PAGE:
Advice to medical professionals helping young people with acne
• be aware that although acne is a physical condition, it affects many people emotionally and psychologically.
Quite a few people said it was important for doctors to appreciate this and show understanding about how it impacts on their self-esteem and mood. A few people felt the teenage years are often a particularly difficult time with increased importance put on appearance, meaning acne can have big emotional impacts. Even if you don’t think their acne is severe or anything to be worried about, it may have a huge impact on their confidence, self-esteem and social life. Harriet says teenagers are “often quite self-conscious” and so doctors need to “tread carefully”. Sarah remembers feeling “quite offended” when she got a letter saying her acne was ‘severe’. • understand that it may have taken a long time for the young person to visit a medical professional about their acne.
Many of the young people we talked to had initially tried to manage their acne without seeing a doctor and it could be years before they decided to see a medical professional about it. Seeing a doctor can feel like a big step. Rebecca found it “quite daunting” going for the appointment with her GP. Many said they wanted their GPs to refer them to dermatologists when initial treatments hadn’t worked. Some were concerned about the potential waiting times to see a dermatologist, especially if they felt their acne had already lasted longer than expected. • recognise that young people with acne will have different expectations of the type of advice and help they want. Some will want to know lots about acne and be involved in decisions about treatments, but others won’t.
Some people said it was important for doctors to get a clear idea at the start what each person’s priorities were. For some people, it is important to find out why they have acne and to know what they could do to prevent or manage it. Having a doctor explain a little about the causes and triggers of acne can be helpful. As Harriet said, knowing about the hormonal causes of acne could “reassure them that it’s not because [they’re] doing something wrong”. For those who were interested in self-help, getting advice about diet and changing bedding/towels regularly was welcome information. Others were more interested in their doctor taking the lead in finding a solution. Abbie thinks many teenagers just want their acne “gone”, and aren’t interested in “the whole specifics”. • be open about treatment options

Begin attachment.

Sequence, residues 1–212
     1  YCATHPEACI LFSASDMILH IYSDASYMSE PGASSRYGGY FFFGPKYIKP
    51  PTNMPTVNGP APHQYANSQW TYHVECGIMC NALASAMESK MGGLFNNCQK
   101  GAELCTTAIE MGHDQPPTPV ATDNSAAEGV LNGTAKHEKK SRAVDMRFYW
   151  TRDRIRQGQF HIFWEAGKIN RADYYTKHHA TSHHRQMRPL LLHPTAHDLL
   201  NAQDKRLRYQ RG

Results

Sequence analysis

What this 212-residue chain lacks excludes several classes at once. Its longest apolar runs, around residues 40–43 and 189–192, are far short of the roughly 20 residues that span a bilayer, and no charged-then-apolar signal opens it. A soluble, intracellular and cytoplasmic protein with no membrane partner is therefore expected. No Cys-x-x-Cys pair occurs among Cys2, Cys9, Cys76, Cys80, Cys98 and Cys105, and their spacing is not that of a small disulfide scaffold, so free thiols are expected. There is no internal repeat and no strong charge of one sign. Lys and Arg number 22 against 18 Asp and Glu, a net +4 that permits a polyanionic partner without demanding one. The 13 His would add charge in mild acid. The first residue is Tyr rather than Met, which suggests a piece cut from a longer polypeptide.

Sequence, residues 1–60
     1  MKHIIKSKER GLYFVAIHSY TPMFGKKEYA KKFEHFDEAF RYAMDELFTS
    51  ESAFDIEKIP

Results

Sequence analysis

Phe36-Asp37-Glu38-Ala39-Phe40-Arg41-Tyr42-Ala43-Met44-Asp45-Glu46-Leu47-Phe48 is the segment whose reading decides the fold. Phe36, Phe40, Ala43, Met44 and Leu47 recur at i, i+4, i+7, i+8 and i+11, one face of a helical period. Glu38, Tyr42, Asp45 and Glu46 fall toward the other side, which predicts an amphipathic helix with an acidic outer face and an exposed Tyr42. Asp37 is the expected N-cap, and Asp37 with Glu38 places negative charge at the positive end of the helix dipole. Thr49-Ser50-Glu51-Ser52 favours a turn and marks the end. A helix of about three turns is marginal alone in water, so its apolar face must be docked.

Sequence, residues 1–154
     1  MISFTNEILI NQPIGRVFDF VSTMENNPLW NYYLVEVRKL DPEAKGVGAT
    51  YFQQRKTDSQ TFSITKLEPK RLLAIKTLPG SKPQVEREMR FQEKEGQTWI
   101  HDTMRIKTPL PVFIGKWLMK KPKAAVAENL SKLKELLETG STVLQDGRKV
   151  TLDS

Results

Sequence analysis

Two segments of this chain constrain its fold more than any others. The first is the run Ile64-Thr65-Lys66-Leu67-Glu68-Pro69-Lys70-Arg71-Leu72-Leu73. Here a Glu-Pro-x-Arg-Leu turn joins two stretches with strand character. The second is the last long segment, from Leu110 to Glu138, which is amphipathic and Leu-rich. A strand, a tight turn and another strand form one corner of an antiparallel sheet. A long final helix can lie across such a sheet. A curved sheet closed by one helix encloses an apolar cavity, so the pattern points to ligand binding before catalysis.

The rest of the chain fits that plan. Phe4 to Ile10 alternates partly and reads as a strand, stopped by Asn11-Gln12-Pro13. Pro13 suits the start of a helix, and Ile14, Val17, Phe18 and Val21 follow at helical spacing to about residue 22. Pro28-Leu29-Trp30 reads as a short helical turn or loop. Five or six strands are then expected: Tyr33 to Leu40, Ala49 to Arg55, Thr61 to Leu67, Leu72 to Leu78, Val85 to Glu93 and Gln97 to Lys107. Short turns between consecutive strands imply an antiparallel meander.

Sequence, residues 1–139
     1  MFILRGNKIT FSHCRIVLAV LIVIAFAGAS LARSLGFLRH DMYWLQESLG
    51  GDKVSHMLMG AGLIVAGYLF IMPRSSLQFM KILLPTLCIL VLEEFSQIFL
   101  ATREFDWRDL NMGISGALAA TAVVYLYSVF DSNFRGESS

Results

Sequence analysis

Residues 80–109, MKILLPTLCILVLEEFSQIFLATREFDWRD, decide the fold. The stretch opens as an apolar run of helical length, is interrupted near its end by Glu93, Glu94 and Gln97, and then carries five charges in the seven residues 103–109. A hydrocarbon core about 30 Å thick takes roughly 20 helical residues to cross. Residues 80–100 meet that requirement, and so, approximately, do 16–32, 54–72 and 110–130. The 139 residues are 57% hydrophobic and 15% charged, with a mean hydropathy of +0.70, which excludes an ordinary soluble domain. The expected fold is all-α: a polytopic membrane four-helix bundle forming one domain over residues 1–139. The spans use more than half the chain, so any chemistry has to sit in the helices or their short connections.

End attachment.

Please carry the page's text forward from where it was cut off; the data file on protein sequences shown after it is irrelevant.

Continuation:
For some, it wasn’t just important for doctors to recommend or prescribe a product but to discuss the benefits and side effects/risks of treatment options as well as advice about prevention. It could be frustrating if a doctor was prescribing one cream after another without considering the individual’s situation. People valued knowing that their doctor had put thought into the treatment options presented to them. Molly felt it was important that GPs be honest with young people that there isn’t a “miracle cure” for acne. A few people who had taken isotretinoin and benefited from it felt it should be offered earlier and that the worst side effects shouldn’t be over stated. • make time to talk through the emotional impact of acne as well as the physical side and treatment options.
As Naomi explains, “I want[ed] to talk about the fact that this is destroying my self-confidence and really ruining my life”. Some people feel it would be helpful if doctors gave encouragement and enquired about how acne was affecting people’s self-esteem and mental health. Only a few people mentioned doctors asking them about mood and this was usually in the context of them taking isotretinoin, for which depression and feeling suicidal is a possible side effect.